Several years ago, JRC was offered what turned out to be a wonderful gift which came, as gifts sometimes do, wrapped up in a big complicated mess.
Isn’t that often how it goes, not just for us as individuals, but for the Jewish people in general? If it weren’t for the flood, we’d have no rainbow. If it wasn’t for that long walk in the desert, we’d have no promised land. And if it wasn’t for anti-Semitism, maybe we’d have no bagels. Don’t believe me? Read here (but later, after you read this blog post!).
JRC’s new website came about because the company that was hosting our old web site was purchased by the company that was hosting our member database. With that change came an opportunity for us to assess whether we could get everything we needed from the technology that had been thrust upon us. All around, we saw synagogues with beautiful custom websites, and we wanted more. We wanted a website that represented us: our diverse, participatory, sacred, communal, daring, deeply-rooted selves, but in a beautiful display of pixels and characters on the world’s desktops, laptops, tablets, and smart phones.
The good news is that we Reconstructionist Jews are good at improvisation. After all, the heart of reconstructionism is the idea that we evolve with the times, considering what from the past we can carry with us into the future and how we can repurpose it to address who we are now. To that end: What could we keep from our technology? How could we pivot to get what we needed? When we asked ourselves “how might we build our dream site?” the answer was obvious: together.
One of our members, Debi Lewis, runs a web design firm. She’d always wanted to lend her expertise to raising up JRC’s online presence, so she jumped at the chance to work on the project. Our executive director, Micky Baer, didn’t require any convincing, and she was ready to roll up her sleeves and get started too. Max Sendor, our communications and marketing manager, was eager to connect all corners of the congregation’s messaging under a modernized look-and-feel. Member volunteers Linda Mathias Kaskel, Sandy Spatz, Becca Sperling, and Len Servedio leapt onboard, conceiving of new ways to organize our content and streamline our processes, and everyone learned how to use the new website software.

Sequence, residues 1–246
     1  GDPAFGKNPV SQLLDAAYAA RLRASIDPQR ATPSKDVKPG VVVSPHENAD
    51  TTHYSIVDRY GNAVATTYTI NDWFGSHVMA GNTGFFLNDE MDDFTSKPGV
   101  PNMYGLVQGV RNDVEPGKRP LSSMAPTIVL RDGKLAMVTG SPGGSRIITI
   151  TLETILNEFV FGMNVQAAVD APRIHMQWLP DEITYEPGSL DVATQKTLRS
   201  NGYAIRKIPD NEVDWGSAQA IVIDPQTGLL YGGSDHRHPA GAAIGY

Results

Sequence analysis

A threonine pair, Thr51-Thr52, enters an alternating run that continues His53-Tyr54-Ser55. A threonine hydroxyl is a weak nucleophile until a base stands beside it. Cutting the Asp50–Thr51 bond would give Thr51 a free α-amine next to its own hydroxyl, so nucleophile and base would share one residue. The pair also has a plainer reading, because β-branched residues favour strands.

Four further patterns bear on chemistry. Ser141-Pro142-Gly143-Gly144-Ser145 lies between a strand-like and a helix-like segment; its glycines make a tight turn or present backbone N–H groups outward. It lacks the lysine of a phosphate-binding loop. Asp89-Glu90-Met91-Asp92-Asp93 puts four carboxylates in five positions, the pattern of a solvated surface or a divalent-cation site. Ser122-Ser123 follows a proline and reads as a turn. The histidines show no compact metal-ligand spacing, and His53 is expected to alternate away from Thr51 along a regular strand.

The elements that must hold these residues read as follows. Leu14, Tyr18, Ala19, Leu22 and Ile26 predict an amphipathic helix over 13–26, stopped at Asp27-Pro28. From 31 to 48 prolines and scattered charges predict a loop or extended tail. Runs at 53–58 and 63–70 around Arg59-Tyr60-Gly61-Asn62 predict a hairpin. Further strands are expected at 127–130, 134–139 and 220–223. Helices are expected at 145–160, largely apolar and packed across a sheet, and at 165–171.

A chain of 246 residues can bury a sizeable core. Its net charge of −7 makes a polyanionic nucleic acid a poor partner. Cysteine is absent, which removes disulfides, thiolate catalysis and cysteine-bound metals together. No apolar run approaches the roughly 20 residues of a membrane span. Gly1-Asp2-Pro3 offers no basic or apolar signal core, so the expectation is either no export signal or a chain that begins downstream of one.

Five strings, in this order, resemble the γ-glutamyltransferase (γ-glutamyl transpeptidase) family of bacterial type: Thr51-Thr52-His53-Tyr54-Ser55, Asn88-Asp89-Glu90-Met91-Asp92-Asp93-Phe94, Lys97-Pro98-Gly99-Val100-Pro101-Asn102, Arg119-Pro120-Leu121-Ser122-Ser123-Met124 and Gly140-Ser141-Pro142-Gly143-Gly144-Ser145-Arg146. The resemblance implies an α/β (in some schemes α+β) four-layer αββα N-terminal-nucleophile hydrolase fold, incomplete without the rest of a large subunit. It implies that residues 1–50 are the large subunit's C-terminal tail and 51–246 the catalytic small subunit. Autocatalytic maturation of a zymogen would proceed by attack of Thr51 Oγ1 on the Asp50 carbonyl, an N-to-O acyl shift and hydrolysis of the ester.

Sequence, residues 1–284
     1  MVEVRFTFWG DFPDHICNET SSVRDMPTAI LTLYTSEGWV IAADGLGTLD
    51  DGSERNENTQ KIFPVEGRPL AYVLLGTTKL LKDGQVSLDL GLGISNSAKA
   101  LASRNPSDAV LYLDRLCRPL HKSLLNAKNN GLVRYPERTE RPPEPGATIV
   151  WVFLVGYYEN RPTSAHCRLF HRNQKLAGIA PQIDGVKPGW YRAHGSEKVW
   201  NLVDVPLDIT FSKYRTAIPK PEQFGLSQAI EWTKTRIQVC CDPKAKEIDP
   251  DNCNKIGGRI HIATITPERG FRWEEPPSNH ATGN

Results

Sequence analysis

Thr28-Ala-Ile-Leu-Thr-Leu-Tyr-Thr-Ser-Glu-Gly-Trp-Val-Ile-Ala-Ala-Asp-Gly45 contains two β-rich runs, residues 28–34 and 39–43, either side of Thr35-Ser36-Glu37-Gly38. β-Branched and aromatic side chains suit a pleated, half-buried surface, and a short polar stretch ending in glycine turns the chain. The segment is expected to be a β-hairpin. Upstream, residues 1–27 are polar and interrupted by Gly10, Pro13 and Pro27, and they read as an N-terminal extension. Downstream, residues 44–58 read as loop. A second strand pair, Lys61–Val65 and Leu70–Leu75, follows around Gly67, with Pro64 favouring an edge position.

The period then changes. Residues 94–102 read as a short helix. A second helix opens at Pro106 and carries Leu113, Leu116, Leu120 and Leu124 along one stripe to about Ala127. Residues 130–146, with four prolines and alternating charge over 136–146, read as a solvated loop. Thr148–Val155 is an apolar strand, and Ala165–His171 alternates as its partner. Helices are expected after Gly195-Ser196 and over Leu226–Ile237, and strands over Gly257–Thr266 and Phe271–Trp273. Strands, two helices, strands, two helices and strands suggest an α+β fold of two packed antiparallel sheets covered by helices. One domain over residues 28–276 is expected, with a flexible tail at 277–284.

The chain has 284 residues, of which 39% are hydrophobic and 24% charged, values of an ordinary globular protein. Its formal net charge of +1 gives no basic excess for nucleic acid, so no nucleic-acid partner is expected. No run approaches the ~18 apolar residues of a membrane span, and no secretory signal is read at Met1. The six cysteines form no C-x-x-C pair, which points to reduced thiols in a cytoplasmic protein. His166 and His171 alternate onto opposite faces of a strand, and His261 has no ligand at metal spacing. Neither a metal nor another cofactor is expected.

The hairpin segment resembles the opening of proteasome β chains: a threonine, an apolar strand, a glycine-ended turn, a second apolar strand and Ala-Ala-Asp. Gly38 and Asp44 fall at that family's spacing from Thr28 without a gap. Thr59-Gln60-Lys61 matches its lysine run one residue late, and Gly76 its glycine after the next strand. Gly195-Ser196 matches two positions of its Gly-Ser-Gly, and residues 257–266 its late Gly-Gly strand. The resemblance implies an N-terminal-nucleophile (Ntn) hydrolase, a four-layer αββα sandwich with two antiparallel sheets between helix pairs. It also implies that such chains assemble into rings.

In regular Zoom meetings, the team set goals and deadlines. We interviewed clergy and staff members for new bios and for substantive content on ritual, performing arts, and education; members contributed content in areas where they had expertise and deep engagement; we re-envisioned whole sections of the site to reflect the way we think our members and prospective members will look for information. Member and photographer Luke Adams captured images of staff, ritual objects, and our Czech Torah. We chose bold, gorgeous colors to represent the richness of our congregation’s inner life and to highlight the real treasures that abound within: the people, represented in the years of beautiful photographs we’ve collected (like the one in this post!). Though our wonderful, LEED-certified environmentally-conscious building in Evanston is well-represented on the site, the more we looked, the more we saw that it was the people who made up the congregation – so, we realized, it had to be the people who were featured front and center on the new web site.
That messy new world we entered when our old software stopped working? We’re thankful for it. From messes to bright splashes of color, and words written with intention and joy and connection, we’re proud to present this doorway into JRC. Welcome!
בָּרוּךְ אַתָּה, יְיָ אֱלֹהֵינוּ, מֶלֶךְ הָעוֹלָם, שֶׁהֶחֱיָנוּ וְקִיְּמָנוּ וְהִגִּיעָנוּ לַזְּמַן הַזֶּה.
Blessed are You, Adonai our God, Sovereign of all, who has kept us alive, sustained us, and brought us to this season.